The final tip I’m going to give you, and this is the tip that worked the absolute most. All those strategies are fantastic, you can up-sell, you can cross-sell, you can brand switch, you can bulk deal, you can do all of that. But the number one thing that worked really, really well was we started measuring each individual person’s average dollar sale, and we put a chart at the back of the staff room, and that chart had everyone mapped on it as to where their current average dollar sale was. Of course, when you see a chart and everyone’s got a little bit of competitiveness in them. It’s very rare that you’re not competitive at all, that would be extremely rare. So everyone’s a little bit competitive, and that’s all you need. They come out, they look at the chart, and you don’t have to say anything. They doesn’t even have to be anything around this chart, there just has to be a chart. And it has each individual’s name on there and their average dollar sale.
Testing and measuring
Now of course, you’re not going to be able to chart that if you’re not testing and measuring everything in your business. So my final tip to close off this video is to say to you, make sure that if you are looking to increase your average dollar sale, then it’s vitally important that you’re testing and measuring. And the good thing about retail-- now this works in any business, by the way, especially if you’re in retail, the best thing to do is to make sure you’ve got some sort of point of sale software where when a sales person puts an individual sale through the till, that they have to swipe their card or wristband or something that tells the system who they are. Sometimes it’s just imputing their staff ID number, something like that. So it’s very easy to do it. If you don’t have software like that, well then you have to manually get a piece of paper and a pen and have to log down exactly what sales each person has, and what the average dollar sale was. So there’s many ways to do it, but it goes without saying that if you’re not measuring it, you can’t manage it. And if you can’t manage it, you won’t improve it. And if you don’t improve it, well you’re a sucker.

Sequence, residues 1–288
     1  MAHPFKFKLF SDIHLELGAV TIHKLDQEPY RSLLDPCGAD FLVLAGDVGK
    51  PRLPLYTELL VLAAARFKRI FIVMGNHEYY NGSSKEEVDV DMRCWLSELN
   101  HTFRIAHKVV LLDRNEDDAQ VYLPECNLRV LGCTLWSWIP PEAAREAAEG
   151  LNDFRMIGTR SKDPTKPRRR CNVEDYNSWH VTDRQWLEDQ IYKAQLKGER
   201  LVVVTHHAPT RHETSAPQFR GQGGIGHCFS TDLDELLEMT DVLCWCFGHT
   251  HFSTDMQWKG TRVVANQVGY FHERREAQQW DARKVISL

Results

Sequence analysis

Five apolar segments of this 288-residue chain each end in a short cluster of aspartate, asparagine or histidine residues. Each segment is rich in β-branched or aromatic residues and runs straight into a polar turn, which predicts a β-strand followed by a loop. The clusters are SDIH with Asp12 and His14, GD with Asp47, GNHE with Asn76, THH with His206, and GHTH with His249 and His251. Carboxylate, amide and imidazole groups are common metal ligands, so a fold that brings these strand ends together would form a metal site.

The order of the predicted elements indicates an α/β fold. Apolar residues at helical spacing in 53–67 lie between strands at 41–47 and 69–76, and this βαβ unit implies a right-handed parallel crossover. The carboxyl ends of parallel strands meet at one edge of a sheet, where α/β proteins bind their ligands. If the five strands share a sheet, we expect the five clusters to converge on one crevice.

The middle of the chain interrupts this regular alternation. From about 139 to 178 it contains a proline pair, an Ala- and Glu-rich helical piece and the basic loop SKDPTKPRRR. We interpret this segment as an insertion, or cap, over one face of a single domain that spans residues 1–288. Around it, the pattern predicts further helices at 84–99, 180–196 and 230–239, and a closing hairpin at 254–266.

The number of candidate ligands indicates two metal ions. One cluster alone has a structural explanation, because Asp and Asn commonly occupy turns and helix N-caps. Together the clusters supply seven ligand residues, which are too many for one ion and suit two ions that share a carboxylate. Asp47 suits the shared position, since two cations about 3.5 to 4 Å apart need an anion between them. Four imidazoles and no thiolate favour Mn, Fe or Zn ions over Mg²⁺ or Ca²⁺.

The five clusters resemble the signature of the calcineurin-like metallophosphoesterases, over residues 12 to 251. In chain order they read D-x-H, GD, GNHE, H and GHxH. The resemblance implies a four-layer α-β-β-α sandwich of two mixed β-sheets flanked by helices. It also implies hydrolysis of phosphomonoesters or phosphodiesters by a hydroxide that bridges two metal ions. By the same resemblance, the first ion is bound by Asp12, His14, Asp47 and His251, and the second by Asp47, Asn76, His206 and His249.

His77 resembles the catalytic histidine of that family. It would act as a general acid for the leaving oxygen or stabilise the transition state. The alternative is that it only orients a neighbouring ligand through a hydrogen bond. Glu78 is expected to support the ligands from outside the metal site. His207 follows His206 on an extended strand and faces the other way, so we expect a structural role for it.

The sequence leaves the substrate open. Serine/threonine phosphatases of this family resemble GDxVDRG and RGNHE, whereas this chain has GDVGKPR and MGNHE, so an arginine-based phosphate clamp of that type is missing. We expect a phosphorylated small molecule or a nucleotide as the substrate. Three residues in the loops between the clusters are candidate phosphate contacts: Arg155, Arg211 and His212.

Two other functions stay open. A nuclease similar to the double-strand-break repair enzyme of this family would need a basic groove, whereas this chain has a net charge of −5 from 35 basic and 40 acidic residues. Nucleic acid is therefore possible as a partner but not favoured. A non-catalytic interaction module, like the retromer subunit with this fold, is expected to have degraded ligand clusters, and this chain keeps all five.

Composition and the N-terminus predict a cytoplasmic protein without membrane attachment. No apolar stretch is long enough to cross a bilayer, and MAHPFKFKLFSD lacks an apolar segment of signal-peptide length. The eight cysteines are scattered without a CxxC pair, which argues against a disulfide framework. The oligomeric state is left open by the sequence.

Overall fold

About the Author
Ben Fewtrell is a sought-after Business Coach, Keynote Speaker and trainer who has featured in Virgin’s Inflight Magazine and Entertainment Portal, SKY Business and “Secrets of Top Business Builders Exposed”. He is also the host of the popular Business Brain Food Podcast where he interviews leading experts on anything and everything business.